Study: Heart's ability to pump effectively is diminished among people with common lung disease

Published on January 21, 2010 at 12:29 AM · No Comments

A new study from Columbia University Medical Center researchers, has found that the heart's ability to pump effectively is diminished among people with a common lung disease, even in people with no or mild symptoms. Published in the Jan. 21, 2010 issue of the New England Journal of Medicine, the research is the first to show a strong link between heart function and mild COPD (chronic obstructive pulmonary disease).

COPD is the fourth leading cause of death in the United States, and it is strongly associated with smoking. COPD often involves loss of lung tissue, called emphysema, as well as narrowed airways, persistent cough, and mucus production, known as chronic obstructive bronchitis. Both of these abnormalities impair the flow of air in the lungs and make breathing more difficult over time.

"Heart failure caused by lung disease is well documented in patients with severe COPD, but was not thought to occur in patients with mild COPD," said Graham Barr, M.D., Dr. PH., assistant professor of medicine and epidemiology at Columbia University Medical Center, an internist at NewYork-Presbyterian Hospital/Columbia, principal investigator of the MESA Lung Study, and lead author of the paper. "We found that there appears to be a linear relationship between lung function and heart function, and even a small hit to the lungs negatively affects heart function as well."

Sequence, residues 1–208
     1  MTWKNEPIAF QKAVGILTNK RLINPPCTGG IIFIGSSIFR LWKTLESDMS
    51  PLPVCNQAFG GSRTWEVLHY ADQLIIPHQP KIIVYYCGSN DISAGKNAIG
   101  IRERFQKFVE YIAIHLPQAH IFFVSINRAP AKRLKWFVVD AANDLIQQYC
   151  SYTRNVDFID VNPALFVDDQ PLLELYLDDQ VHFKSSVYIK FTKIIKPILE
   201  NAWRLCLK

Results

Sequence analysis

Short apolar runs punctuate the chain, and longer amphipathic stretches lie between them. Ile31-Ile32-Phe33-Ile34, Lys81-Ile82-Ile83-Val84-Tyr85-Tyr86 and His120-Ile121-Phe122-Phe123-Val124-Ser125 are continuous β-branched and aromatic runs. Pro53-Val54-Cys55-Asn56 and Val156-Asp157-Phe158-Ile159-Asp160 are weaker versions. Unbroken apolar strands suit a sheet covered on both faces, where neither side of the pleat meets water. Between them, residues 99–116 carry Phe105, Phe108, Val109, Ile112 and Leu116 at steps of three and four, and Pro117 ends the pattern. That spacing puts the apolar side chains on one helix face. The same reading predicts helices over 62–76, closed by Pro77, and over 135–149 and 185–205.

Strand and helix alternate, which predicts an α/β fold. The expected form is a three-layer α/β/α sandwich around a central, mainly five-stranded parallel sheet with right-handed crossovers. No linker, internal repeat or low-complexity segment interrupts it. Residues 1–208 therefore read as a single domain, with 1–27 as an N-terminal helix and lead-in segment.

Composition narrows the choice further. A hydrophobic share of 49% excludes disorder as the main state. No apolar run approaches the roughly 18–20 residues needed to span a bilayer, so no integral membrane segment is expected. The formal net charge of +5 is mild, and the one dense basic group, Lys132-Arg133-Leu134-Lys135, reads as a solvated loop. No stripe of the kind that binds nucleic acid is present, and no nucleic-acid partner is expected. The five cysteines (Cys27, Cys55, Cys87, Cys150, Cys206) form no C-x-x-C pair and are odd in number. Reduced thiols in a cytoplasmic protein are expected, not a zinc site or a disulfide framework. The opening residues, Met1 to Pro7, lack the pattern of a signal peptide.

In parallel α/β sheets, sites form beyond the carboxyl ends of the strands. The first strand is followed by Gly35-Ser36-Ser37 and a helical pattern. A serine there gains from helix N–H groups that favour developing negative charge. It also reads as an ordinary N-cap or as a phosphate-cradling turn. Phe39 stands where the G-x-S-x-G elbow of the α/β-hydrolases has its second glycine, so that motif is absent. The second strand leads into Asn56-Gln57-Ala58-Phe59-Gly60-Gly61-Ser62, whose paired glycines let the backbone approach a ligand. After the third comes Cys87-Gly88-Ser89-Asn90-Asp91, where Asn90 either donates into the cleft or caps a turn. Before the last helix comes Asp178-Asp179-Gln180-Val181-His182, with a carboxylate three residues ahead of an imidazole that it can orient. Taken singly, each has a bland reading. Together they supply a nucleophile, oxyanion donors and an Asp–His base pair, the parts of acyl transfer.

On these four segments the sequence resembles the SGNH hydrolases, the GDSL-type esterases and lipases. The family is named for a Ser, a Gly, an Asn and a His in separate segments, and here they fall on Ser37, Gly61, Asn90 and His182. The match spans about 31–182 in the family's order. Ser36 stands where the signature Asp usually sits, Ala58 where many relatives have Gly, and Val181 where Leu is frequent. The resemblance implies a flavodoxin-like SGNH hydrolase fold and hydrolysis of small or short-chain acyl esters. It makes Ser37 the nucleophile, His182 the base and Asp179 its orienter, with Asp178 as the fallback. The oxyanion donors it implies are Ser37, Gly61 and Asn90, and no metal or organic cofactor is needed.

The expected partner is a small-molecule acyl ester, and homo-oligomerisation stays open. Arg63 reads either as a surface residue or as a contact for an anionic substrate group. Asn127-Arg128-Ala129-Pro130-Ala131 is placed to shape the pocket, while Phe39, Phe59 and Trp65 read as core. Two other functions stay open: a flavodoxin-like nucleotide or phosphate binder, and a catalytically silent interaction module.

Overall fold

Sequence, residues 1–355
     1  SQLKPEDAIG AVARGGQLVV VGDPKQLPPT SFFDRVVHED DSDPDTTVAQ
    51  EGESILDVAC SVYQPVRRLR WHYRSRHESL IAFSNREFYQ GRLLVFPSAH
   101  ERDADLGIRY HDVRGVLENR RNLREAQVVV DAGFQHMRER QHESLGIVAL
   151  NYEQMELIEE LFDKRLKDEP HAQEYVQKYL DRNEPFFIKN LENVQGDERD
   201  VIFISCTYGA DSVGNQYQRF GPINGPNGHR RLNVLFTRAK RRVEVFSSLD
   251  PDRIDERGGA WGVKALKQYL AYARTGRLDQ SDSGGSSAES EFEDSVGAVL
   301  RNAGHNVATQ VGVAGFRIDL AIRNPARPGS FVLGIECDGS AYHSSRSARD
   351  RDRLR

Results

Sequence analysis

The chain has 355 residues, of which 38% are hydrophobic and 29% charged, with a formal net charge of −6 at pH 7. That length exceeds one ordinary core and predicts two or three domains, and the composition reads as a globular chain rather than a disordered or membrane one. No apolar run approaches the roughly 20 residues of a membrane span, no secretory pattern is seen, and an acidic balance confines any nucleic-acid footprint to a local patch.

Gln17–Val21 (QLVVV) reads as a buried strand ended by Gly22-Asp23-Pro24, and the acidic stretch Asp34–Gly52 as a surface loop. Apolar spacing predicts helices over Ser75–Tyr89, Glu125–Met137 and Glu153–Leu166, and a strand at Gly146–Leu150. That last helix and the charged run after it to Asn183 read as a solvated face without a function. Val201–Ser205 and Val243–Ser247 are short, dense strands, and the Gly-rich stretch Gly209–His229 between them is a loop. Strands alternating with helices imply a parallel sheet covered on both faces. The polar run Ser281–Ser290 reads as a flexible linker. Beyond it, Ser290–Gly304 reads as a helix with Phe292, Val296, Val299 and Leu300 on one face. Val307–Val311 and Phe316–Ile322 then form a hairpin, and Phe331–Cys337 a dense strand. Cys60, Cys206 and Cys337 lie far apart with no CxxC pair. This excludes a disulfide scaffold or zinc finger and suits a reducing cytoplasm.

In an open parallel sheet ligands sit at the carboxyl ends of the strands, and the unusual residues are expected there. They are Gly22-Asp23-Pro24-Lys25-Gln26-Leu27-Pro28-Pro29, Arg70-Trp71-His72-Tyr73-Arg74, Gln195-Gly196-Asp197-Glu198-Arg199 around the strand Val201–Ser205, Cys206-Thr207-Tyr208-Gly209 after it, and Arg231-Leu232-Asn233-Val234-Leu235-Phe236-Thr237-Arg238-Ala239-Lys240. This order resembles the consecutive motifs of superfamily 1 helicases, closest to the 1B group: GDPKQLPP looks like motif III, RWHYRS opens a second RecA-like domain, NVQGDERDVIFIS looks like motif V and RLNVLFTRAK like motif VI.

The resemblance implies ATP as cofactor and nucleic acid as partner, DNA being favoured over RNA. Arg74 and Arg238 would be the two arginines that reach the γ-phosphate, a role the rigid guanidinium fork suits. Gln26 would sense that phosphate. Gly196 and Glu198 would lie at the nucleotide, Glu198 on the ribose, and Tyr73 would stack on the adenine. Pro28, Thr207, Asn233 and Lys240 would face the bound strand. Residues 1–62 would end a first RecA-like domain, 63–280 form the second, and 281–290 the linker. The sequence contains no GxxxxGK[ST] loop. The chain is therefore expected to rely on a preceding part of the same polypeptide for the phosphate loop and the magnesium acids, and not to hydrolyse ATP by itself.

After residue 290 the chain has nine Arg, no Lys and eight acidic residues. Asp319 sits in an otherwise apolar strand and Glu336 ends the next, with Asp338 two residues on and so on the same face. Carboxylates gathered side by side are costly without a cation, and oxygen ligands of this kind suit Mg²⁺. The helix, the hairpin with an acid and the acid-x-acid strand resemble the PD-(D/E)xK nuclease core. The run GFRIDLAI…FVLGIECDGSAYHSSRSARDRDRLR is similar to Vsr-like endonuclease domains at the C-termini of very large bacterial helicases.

"This study shows that COPD, even in its mildest form, is associated with diminished heart function," said Susan B. Shurin, M.D., acting director of the National Heart, Lung, and Blood Institute (NHLBI) of the National Institutes of Health, which funded the research. "We now have evidence that the presence of even mild COPD may have important health implications beyond the lungs."

"These results raise the intriguing possibility that treating lung disease may, in the future, improve heart function," said Dr. Barr. "Further research is needed to prove whether treating mild COPD will help the heart work better."

Research, Which Involved Participants of NHLBI's Multi-Ethnic Study of Atherosclerosis (MESA) Lung Study, Shows Lung Disease Has an Important Vascular Component

Using breathing tests and imaging studies of the chest, researchers measured heart and lung structure and function in 2,816 adults (average age of 61 years) who were mostly healthy. Study participants were part of the MESA Lung Study, an extension of the Multi-Ethnic Study of Atherosclerosis (MESA), a large, NHLBI-supported study focused on finding early signs of heart, lung, and blood diseases before symptoms appear.

Using magnetic resonance imaging (MRI) and computed tomography (CT) scans, the scientists found mild abnormalities in both heart and lung function in many participants. "We used sensitive measures to pick-up small differences in healthy people," said Dr. Barr. "We demonstrated that even mild COPD is associated with subclinical reductions in heart function, probably since not enough blood is entering the heart due to vascular problems in the lungs. This phenomenon is well described in very severe lung disease but is appreciated for the first time in mild and subclinical COPD and emphysema."

The link between lung and heart function was found to be strongest in current smokers, in whom vascular damage is particularly common, and especially in those with emphysema. However, the association also appeared in participants with mild emphysema who had never smoked cigarettes.

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